From Data Sharing to Data Stewardship

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Information about From Data Sharing to Data Stewardship

Published on April 24, 2014

Author: ICPSR



Agencies such as the NSF and NIH require data management plans as part of research proposals and the Office of Science and Technology Policy (OSTP) is requiring federal agencies to develop plans to increase public access to results of federally funded scientific research. These slides explore sustainable data sharing models, including models for sharing restricted-use data. Demos of these models and tips for accessing public data access services are provided as well as resources for creating data management plans for grant applications.

From Data Sharing to Data Stewardship: Meeting Federal Data Sharing Requirements Now and into the Future ICPSR – University of Michigan

Session Outline • History (brief!) of federal data sharing requirements • What is good data sharing? How do you achieve data stewardship? • Good news: sustainable data sharing exists • Public data sharing services – tours & tips • Resources for creating data management plans and funding quotes

You should leave this session with - • Keen understanding of several sustainable data sharing models • Ability to critique data sharing services – Through review of several services – Walk-away tips for evaluating • Knowledge (a portal) of resources for creating data management plans for grant applications

Prologue – Why ICPSR is Here • ICPSR has been in the data stewardship business for over 50 years – since 1962 • Center located within the Institute for Social Research at the University of Michigan • ICPSR exists to preserve and share research data to support researchers who: – Write research articles, books, and papers – Teach or utilize quantitative methods – Write grant/contract proposals (require data management plans) • Data stewardship = data curation = our purpose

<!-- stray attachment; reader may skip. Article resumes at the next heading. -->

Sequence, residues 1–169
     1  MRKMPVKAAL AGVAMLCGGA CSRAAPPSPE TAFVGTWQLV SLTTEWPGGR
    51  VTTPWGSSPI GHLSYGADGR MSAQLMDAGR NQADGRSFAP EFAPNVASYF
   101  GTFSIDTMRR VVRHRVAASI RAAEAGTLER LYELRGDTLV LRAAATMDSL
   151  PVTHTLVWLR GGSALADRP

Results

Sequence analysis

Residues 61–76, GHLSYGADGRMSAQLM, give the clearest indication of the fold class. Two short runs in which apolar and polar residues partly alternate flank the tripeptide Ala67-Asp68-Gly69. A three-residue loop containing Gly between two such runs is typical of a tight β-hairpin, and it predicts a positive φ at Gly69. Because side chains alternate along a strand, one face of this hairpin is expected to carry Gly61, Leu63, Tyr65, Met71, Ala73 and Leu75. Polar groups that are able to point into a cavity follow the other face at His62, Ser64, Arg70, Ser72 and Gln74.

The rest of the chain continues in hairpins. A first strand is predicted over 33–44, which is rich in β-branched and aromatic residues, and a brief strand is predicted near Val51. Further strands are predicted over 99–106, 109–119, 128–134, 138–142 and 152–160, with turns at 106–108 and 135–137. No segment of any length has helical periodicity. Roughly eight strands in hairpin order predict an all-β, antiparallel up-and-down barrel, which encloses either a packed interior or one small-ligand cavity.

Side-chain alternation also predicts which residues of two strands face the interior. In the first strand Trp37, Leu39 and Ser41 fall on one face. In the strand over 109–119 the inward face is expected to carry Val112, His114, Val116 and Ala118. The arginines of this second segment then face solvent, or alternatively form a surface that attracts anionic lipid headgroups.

Two ‘Recent’ Moments in Federal Data Sharing History • NSF: January 2011 – requirement of data management plans • OSTP: February 2013 – Memo with subject “Increasing Access to the Results of Federally Funded Scientific Research”

The Statement Heard Round the Research World: • In January 2011, the National Science Foundation released a new requirement for proposal submissions regarding the management of data generated using NSF support. All proposals must now include a data management plan (DMP). (NIH has similar DMP requirements.) • The plan is to be short, no more than two pages, and is submitted as a supplementary document. The plan needs to address two main topics: – What data are generated by your research? – What is your plan for managing the data?

The OSTP Memo • Released February 22, 2013 • This memo directed funding agencies with an annual R&D budget over $100 million to develop a public access plan for disseminating the results of their research

The OSTP Memo – A Review • A concern for investment: “Policies that mobilize these publications and data for re-use through preservation and broader public access also maximize the impact and accountability of the Federal research investment.” • Federal agencies with over $100 M annually in R&D expenditures to develop plans to support increased public access to the results of research funded by the Federal Government